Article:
How you doin’ everything good?
Excellent, How are you?
Been sitting here doing interviews with quite a lot of people in Australia
…and we are very much looking forward to seeing you in person as well. Thank you for your time, Dino, it is a pleasure to speak with you.
Thank you for calling
Congratulations. 1989/90 must seem like so long ago, right back at the start
1990 was actually the year we started, FEAR FACTORY and we never thought it was going to take us this far we are really proud of how far we have gotten and where we have gone in our career and where we going to continue going and we’re extremely excited and that we are able to come back to Australia.
Indeed and hopefully we can provide you with a massive crowd at Soundwave 2015. Dino, do you remember when you first picked up a guitar?
Yes, I do remember. I was roughly about 13 years old & I picked up an acoustic guitar that was lying around my house, I just picked it up and started playing music and then shortly after that I got an electric guitar and I was practicing songs from AC/DC and IRON MAIDEN and JUDAS PRIEST and all the other killer bands that were out in the late seventies early eighties.
You’ve signed with Nuclear Blast which we are all very happy about.
We’re excited that we went with Nuclear Blast as well we feel that it’s the right home for FEAR FACTORY. A gentleman by the name Monte Conner who was originally from Roadrunner Records, he was the guy who originally signed FEAR FACTORY and now he has teamed up with Nuclear Blast. With his own imprint called Nuclear Blast Entertainment and when he approached us about signing the band to this label, we said HELL YEAH!!! We really get along with him and he understands the band, he knows where we’re going, he knows where we have gone and he has been responsible for part of the success of FEAR FACTORY. So we’re very excited to be with Nuclear Blast.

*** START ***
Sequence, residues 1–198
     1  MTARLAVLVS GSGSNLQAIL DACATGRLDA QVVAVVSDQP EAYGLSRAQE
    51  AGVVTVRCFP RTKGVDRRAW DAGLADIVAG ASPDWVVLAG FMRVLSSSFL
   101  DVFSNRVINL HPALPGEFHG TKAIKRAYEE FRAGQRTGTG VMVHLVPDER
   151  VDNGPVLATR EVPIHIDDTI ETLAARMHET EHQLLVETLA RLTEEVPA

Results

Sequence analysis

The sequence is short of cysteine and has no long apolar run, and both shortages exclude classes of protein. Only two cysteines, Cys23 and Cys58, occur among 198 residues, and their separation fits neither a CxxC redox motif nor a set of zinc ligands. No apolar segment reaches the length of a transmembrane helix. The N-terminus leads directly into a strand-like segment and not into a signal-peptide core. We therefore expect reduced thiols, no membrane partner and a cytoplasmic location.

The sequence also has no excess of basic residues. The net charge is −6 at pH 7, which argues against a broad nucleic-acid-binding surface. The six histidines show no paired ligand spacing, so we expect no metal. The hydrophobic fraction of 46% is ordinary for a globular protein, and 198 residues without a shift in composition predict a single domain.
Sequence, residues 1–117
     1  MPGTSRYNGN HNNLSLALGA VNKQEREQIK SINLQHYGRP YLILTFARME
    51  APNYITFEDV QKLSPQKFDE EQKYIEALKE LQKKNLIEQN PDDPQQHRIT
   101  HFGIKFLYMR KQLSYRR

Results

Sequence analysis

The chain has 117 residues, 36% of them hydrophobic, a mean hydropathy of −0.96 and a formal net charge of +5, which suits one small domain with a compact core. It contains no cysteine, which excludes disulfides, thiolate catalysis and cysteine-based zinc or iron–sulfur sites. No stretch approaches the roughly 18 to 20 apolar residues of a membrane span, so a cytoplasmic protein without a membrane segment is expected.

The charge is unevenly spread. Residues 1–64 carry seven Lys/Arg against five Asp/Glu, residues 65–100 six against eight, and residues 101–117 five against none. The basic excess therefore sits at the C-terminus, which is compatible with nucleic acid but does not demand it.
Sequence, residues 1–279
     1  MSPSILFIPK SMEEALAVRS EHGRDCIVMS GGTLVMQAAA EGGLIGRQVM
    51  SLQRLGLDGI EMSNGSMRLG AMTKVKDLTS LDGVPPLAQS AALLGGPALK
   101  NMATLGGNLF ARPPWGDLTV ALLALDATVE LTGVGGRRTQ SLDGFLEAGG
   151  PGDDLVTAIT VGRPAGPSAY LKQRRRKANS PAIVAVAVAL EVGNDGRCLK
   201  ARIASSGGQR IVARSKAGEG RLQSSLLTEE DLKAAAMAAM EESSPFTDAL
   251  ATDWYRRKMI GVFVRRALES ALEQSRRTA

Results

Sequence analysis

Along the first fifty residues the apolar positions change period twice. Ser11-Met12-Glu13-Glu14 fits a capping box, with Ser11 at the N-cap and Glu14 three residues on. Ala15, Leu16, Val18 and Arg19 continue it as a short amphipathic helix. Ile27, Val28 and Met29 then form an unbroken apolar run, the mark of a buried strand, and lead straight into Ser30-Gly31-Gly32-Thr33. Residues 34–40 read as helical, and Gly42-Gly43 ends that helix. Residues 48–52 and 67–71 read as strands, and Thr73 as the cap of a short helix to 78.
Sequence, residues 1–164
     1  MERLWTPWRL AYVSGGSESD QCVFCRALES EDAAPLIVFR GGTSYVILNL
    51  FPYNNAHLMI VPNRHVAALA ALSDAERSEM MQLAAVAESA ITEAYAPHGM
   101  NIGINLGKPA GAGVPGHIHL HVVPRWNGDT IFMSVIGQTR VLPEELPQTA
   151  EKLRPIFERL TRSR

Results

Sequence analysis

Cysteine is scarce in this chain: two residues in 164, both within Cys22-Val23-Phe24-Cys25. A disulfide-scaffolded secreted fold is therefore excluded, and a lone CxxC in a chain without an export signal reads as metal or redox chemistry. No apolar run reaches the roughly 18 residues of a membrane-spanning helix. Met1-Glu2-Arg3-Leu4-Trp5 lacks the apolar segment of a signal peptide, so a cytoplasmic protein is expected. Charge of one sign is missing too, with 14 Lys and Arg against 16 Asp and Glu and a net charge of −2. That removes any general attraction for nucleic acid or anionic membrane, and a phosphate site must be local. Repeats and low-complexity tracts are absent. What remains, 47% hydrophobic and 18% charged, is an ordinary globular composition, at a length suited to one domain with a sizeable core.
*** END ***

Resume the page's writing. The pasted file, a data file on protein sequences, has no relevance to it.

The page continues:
It must be so important to have that connection with the band. The album although still in production, does it differ at all from a guitar perspective?
You do wanna take it to new places but you never want to take it too far. FEAR FACTORY is the band that always been the one that experiments a little here and there. From our very first record that came out in 1992 “Soul of a New Machine” there was a big jump between that record and “Demanufacture” and then we just had to take it somewhere different on “Obsolete” and then we took it somewhere different again on “Digimortal”. Now when I re-entered the band, we took another big jump and we put out “Mechanize” and then we kind of wanted to go back a little bit and we did “The Industrialist”. Now this record, it’s probably going to be somewhere in between “Demanufacture” and “Obsolete”. It’s got the groovier darker elements of “Obsolete” but it has the fast riffing and the cold harshness from “Demanufacture”.
Fantastic we are excited about it coming out but now what you have said has made it even more exciting.
You’re clearly one of the most brilliant guitarists in the world how the hell do you get your left hand to move so fast and with such control?
Years and years of practice ever since I have picked up a guitar. I was actually a really big fan of drums and I heard METALLICA when they did the record “and justice for all” they have a song called One, the whole world knows that song, well there’s a part in the midsection where guitars sync up with the kick drums and I took that element and I applied it to FEAR FACTORY & pretty much made a whole career out of it. That’s basically coming up with different patterns on guitar to where the kick drums follow or back and forth. We developed our own sound, we developed their own style and it was just me pushing the drummer to follow my riffs and it kind of like grew from there. But thank you for the compliment. I don’t consider myself one the greats, but thank you for the compliment I appreciate it.